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Is It Normal to Get Sick During Exercise?

author image Riana Rohmann
Riana Rohmann has been working for the Marine Corps doing physical training and writing fitness articles since 2008. She holds personal trainer and advanced health and fitness specialist certifications from the American Council on Exercise and a Bachelor of Science in kinesiology and exercise physiology from California State University-San Marcos.
Is It Normal to Get Sick During Exercise?
Becoming sick during exercise is normal but should not happen every time you exercise. Photo Credit Comstock/Stockbyte/Getty Images

Becoming nauseated or sick during or after your workouts is not uncommon. If you are accustomed to the workouts after a few sessions, the likelihood of sickness should decrease. Yet, other external factors may contribute to nausea during exercise. If you still become regularly sick during or after your workouts, even after making changes to your routine, check with your doctor to rule out other medical conditions.


Highly intense activities, especially if you are unaccustomed to them, can cause nausea. Beginning exercisers may get sick during exercise due to hormonal changes, increased blood pressure and elevated heart rate. According to the American Council on Exercise, it's best to incorporate a warm-up period before activity to allow your body to adjust to higher intensity activity and decrease the likelihood of sickness. If you are in especially cold or hot climates, extend your warm-up to at least 10 minutes. As you adapt to your routine, sickness should become less frequent.

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Meal Time

According to a study conducted in the Appetite journal, people are more likely to feel nauseated when they exercise in a fasted state or immediately after eating. Nausea further increases if activity is highly intense or at 70 to 80 percent of a person's heart rate reserve, which measures the difference between the resting heart rate and estimated maximal heart rate. The least amount of nausea is present during light to moderate intensity exercise--about 50 to 60 percent heart rate reserve--started one hour after eating. It is recommended to eat a small meal at least one hour prior to exercise to help prevent sickness.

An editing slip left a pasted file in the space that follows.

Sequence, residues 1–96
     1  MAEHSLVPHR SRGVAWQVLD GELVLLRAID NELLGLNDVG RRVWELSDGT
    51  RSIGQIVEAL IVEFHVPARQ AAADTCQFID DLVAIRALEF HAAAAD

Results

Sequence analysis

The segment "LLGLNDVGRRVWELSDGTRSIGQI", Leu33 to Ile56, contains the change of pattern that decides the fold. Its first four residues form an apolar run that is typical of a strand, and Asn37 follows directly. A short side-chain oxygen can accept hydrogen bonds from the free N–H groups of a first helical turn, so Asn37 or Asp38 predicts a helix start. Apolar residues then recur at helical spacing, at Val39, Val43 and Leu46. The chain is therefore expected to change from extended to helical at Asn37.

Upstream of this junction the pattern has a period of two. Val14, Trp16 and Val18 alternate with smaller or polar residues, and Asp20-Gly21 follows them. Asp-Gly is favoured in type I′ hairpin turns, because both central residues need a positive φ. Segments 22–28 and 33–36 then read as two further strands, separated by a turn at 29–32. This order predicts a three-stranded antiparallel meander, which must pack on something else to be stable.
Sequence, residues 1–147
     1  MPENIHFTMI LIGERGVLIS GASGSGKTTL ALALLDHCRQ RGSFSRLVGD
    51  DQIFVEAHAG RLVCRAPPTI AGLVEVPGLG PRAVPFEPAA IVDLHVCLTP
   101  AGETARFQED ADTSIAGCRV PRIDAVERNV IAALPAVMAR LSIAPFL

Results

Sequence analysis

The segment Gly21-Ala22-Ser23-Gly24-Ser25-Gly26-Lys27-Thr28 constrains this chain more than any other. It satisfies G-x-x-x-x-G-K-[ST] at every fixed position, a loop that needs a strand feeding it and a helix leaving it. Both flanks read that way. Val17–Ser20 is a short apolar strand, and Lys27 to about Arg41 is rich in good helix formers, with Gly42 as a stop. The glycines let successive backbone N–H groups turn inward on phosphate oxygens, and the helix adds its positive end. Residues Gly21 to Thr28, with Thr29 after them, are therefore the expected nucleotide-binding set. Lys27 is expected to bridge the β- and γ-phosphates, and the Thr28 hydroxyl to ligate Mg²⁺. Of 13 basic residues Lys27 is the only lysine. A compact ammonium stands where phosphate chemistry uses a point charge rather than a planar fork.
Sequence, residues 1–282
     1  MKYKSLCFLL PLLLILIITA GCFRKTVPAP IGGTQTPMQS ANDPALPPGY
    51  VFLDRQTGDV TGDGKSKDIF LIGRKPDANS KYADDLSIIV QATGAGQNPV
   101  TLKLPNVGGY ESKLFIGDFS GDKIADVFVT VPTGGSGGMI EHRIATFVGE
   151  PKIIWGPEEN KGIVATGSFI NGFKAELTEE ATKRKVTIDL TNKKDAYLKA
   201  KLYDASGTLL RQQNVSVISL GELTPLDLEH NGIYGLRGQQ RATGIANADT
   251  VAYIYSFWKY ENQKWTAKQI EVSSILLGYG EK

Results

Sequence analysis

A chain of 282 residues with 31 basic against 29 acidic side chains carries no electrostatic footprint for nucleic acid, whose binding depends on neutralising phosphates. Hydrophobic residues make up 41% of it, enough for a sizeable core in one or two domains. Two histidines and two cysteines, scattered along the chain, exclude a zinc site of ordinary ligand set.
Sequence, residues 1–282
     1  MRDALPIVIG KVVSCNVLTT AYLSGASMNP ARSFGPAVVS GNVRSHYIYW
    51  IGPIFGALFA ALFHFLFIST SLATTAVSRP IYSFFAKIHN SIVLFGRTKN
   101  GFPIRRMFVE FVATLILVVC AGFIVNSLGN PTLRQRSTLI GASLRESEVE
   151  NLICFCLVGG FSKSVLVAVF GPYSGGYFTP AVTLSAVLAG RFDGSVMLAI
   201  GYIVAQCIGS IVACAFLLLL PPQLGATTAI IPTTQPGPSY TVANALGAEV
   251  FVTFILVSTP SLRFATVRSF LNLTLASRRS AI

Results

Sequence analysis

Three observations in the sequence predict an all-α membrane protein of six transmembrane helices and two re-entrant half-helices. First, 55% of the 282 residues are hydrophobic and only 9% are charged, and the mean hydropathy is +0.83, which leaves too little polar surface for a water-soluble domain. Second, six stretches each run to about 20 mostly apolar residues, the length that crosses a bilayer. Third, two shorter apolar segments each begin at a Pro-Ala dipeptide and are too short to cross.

Hydration and Electrolytes

When you are dehydrated or over-hydrated, your electrolytes become unbalanced. This can distress your gastrointestinal track and cause sickness. Your primary electrolytes that become unbalanced through water loss are potassium and sodium. To stay properly hydrated, Competitor Network recommends weighing yourself before and immediately after a normal workout to determine fluid loss. The weight you lose is through sweat and respiration which contain sodium. Drink four ounces of water for every 15 minutes of activity to stay hydrated. During highly intense activity or workouts that last for over an hour, sip on an electrolyte drink to keep your sodium levels normal.

Motion Sickness

Some people simply experience motion sickness during exercise. If your exercise routine involves circuits with many level changes, up-and-down motions and supine to prone positions, consider changing the order of your exercises. If you have high blood pressure or take blood pressure medication, level changes can exacerbate the condition and possibly increase sickness. Try standing exercises followed by seated or supine exercises and end with prostrate exercises.

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